Having had a few intern/apprentices over the years I can state with authority that the biggest PITA from the Master's point of view is Apprentices who insist on challenging the Master's knowledge. As a result rather than telling the Apprentice how to do something, and them doing it, the Master's time is wasted defending their approach to something.

I've had one intern/apprentice over the years who "got it". He was raised in a family where his dad was an senior AT&T microwave and computer engineer. The son respected his dad and as a result respected my knowledge. That one runs the world-wide support operations now for one of the largest professional audio manufacturers on earth. The others are probably pulling french fries out of the fryer at McDonalds given their unwillingness to learn.

I've got a pretty good mentor/student relationship with a well known ASC member on the subject of using HDSLR's. I usually start out wanting to tell him what I think...then get smart and first ask for his opinion about the subject. Yes, in a way that's kissing his a** but he's working at the top of the profession every day and I owe him my deference based on that very fact.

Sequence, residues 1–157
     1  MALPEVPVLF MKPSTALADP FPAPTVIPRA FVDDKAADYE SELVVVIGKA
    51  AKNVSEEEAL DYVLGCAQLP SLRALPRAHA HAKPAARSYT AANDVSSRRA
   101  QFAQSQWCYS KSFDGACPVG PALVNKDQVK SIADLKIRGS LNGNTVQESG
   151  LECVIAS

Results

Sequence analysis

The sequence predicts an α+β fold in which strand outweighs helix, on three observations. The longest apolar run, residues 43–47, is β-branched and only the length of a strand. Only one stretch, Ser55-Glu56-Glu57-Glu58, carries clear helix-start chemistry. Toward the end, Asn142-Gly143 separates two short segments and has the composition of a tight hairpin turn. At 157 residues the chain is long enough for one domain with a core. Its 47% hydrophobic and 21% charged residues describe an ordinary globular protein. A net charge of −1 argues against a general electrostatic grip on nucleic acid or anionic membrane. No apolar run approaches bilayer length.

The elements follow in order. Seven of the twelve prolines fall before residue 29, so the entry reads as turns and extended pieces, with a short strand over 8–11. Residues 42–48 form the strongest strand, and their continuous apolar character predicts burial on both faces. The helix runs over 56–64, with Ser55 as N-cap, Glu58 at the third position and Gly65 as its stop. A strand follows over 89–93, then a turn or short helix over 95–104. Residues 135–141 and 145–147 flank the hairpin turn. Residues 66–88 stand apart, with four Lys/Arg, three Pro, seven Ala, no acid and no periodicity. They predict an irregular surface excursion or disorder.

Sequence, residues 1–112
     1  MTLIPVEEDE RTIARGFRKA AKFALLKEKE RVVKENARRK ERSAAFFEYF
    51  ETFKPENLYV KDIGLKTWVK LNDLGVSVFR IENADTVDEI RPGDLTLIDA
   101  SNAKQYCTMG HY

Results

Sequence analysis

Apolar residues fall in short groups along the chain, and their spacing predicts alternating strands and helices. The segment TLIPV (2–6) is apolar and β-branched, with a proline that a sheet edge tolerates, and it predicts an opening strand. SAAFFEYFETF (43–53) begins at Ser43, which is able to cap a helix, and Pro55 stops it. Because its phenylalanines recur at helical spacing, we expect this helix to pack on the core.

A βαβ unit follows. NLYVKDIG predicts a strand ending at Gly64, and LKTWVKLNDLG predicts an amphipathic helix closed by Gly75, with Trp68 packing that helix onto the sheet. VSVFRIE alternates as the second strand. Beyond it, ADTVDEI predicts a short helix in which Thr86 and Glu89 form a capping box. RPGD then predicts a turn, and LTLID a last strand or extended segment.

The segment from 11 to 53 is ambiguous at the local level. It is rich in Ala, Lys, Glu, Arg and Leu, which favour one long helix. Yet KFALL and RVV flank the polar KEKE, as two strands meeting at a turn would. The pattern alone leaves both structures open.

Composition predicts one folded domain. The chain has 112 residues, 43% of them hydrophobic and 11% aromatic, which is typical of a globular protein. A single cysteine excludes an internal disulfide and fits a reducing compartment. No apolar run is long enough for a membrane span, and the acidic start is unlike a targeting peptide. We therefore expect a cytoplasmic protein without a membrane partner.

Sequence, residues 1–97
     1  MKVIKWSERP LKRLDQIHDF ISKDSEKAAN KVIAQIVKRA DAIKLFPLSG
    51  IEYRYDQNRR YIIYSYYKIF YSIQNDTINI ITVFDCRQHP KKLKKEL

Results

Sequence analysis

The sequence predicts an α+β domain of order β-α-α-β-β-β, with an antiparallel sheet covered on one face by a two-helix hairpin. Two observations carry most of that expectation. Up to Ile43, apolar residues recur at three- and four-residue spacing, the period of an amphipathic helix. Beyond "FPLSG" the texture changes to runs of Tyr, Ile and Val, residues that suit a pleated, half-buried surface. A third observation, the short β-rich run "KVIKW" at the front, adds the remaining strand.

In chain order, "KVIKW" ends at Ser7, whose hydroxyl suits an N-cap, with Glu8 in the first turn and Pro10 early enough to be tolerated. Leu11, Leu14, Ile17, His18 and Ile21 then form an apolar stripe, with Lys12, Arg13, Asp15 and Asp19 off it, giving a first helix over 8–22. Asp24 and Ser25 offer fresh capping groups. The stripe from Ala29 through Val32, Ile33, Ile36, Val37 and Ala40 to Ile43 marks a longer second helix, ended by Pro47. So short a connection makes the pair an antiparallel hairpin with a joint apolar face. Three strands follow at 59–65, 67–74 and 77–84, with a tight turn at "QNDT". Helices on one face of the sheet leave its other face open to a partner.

I agree with what you are saying, in fact, I think one of the things that's important as an Apprentice/Intern is to know your place. Having spent time on quite a few sets I have a good feeling for 'settitquette'. The last thing you need is an intern who is telling you how to do your job in front of a client. I'm looking to soak up some good knowledge like a sponge while occasionally asking questions. I had a mentor in Florida before i moved to LA. Shooting mostly small stuff but it was the beginning of my career so everything was new to me. He constantly would quiz me while we were on set and would ask me why I thought he did certain things in certain ways to see if I 'got it'.

A good mentor is worth more than a college degree. Although i have a bachelor's degree, I'm looking for a mentor instead of a master's degree at this point.
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Gamma Ray Digital Inc

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Wooden Camera

Glidecam

Visual Products

Willys Widgets

Aerial Filmworks

Tai Audio

Media Blackout - Custom Cables and AKS

Metropolis Post

FJS International, LLC

Broadcast Solutions Inc